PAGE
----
Design connoisseurs and all-around-aesthetes are in for a treat this Basel Week as Design Miami/ Basel 2014 brings its rich offerings in historic and contemporary design—from no less than 51 top galleries from around the world—to the Swiss city. Themes and threads in the fair’s inventory include Italian design and furniture and objects composed of organic materials (read: volcanic lava, oysters shells, and mother-of-pearl), among others. We took a peek at our analytics to find out which designers are attracting the most attention in anticipation of the fair’s launch.
10. Rowan Mersh
Often straddling art, design, and fashion, Rowan Mersh’s design objects have incorporated everything from toothpicks and leather to dentalium shells. Mersh draws attention to the Philippines’ Typhoon Haiyan in Placuna Phoenix, a sculptural wall consisting of some 40,000 windowpane oyster shells harvested in the wake of the typhoon.
Inspired by luminous underwater plants and wildlife, mixed-media artist and designer Ayala Serfaty translates the structural and aesthetic qualities of the natural world into furniture and lighting. “Soma”—an ever-evolving project—involves an elaborate process of weaving and intertwining thinly blown glass, then layering the composite objects with tinted transparent glass veins that produce a seemingly gestural surface. Much like her other work, these light sculptures, which can be seen at Galerie BSL’s booth, resemble aquatic forms.
8. Jean Royere
Jean Royère began his design career in Paris’ cabinet-making workshops before receiving his first big commission, designing a new layout for the Brasserie Carlton on the Champs Elysées in 1934. From then his luxurious style caught the eye of the world’s elite, and he spent the rest of his career designing couture furniture and spaces for the likes of King Hussein of Jordan and the Shah of Iran. Among his works on view at Design Miami/ Basel are chauffeuse, a painted metal, fabric, and sheep fur chair.
A rare female voice among the avant-garde designers whose work shaped modern living in the early 20th century, Charlotte Perriand joined the studio of Le Corbusier at 24, where she experimented with steel, aluminum, and glass. In 1940, she traveled to Japan to advise the government on how to export products to the West, and spent WWII exiled in Vietnam, where she discovered local woodwork and weaving techniques and embraced natural materials—as seen in this ash wood dining table.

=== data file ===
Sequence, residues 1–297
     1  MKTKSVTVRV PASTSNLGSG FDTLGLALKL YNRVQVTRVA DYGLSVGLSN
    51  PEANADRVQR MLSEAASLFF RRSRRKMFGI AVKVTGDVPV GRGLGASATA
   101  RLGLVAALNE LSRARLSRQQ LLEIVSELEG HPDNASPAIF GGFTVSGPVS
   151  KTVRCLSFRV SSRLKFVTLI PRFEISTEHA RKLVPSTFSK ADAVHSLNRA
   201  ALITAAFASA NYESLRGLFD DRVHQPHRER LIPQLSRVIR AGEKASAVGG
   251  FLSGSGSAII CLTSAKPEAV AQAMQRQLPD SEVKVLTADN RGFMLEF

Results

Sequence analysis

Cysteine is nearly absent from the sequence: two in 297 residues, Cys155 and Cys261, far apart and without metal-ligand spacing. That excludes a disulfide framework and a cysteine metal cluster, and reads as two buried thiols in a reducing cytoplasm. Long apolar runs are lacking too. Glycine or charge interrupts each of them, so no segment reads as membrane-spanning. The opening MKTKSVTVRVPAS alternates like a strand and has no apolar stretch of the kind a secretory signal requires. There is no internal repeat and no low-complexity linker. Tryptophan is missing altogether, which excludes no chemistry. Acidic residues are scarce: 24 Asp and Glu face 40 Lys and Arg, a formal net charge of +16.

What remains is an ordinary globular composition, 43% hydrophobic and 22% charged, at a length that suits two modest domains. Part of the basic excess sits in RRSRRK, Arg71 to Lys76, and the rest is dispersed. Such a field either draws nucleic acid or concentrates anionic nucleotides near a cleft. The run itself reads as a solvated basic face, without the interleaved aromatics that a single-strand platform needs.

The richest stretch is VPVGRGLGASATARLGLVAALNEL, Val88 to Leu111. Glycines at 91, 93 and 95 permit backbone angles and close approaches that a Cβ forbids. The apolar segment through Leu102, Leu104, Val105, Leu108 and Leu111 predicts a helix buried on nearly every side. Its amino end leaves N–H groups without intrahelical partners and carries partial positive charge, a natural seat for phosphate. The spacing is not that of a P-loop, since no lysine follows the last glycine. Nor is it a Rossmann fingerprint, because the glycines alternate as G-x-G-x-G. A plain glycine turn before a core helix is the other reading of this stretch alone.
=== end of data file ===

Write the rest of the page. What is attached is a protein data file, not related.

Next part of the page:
6. Kueng Caputo
Swiss-born duo Sarah Kueng and Lovis Caputo are in their element at their native country’s flagship fair this year. Their hand-painted benches, stools, bowls, and lights bring a note of psychedelia to Salon 94’s booth, in dynamic juxtapositions of dyed leather—splattered with organic vegetable stains—and enamel.
A leader of postwar French design, Joseph-André Motte is known for his application of traditional techniques to contemporary forms, and for his combination of established and modern materials. In early work, such as his iconic Tripod Chairs (1949), Motte incorporated artisanal techniques of woven rattan with modern structure. Galerie Pascal Cuisinier features his famous chair, as well as a selection of lamps and tables, at this this year’s fair.
The extraordinarily prolific artist Alexander Calder might be known for his monumental, abstract mobiles and methods of bending wire to create three-dimensional drawings in space, but his restless experimentalism drew him in a multitude of directions. Calder also created toys, puppets, and, as seen at the Louisa Guinness gallery booth at Design Miami/ Basel this year, jewelry.
3. Rebecca Horn
Known for her visceral explorations into the human body and machinery, Rebecca Horn has also created delicate jewelry that integrates fossils and Etruscan-inspired lapidary, as Artsy’s Jessica Backus notes in her post on the organic ingredients that can be found in the works of several Design Miami/ Basel artists this year.
Known for their quirky anthropomorphic furnishings, which include animal fur lounge chairs and chaise-longues, the Haas Brothers are already creating a stir on Artsy, before the doors of Design Miami/ Basel have opened for business. With names like Hairy-Kate Olson lounge chair and Hairy J. Blige double-hump bench, it’s easy to see how the cheeky design duo has captured the hearts of design lovers everywhere.
1. Anish Kapoor
It may come as a surprise that the British Turner Prize-winner Anish Kapoor—best known for lush, monumental sculptures, often installed in public spaces—has also produced a line of jewelry. But his voluptuous aesthetic translates easily to sleek, curvilinear pendants and cufflinks, whose reflective surfaces and curved edges create absorbing textures and plays of light. No wonder these objects are currently receiving the most traffic on Artsy’s Design Miami/ Basel feature.
Explore Design Miami/ Basel 2014 on Artsy.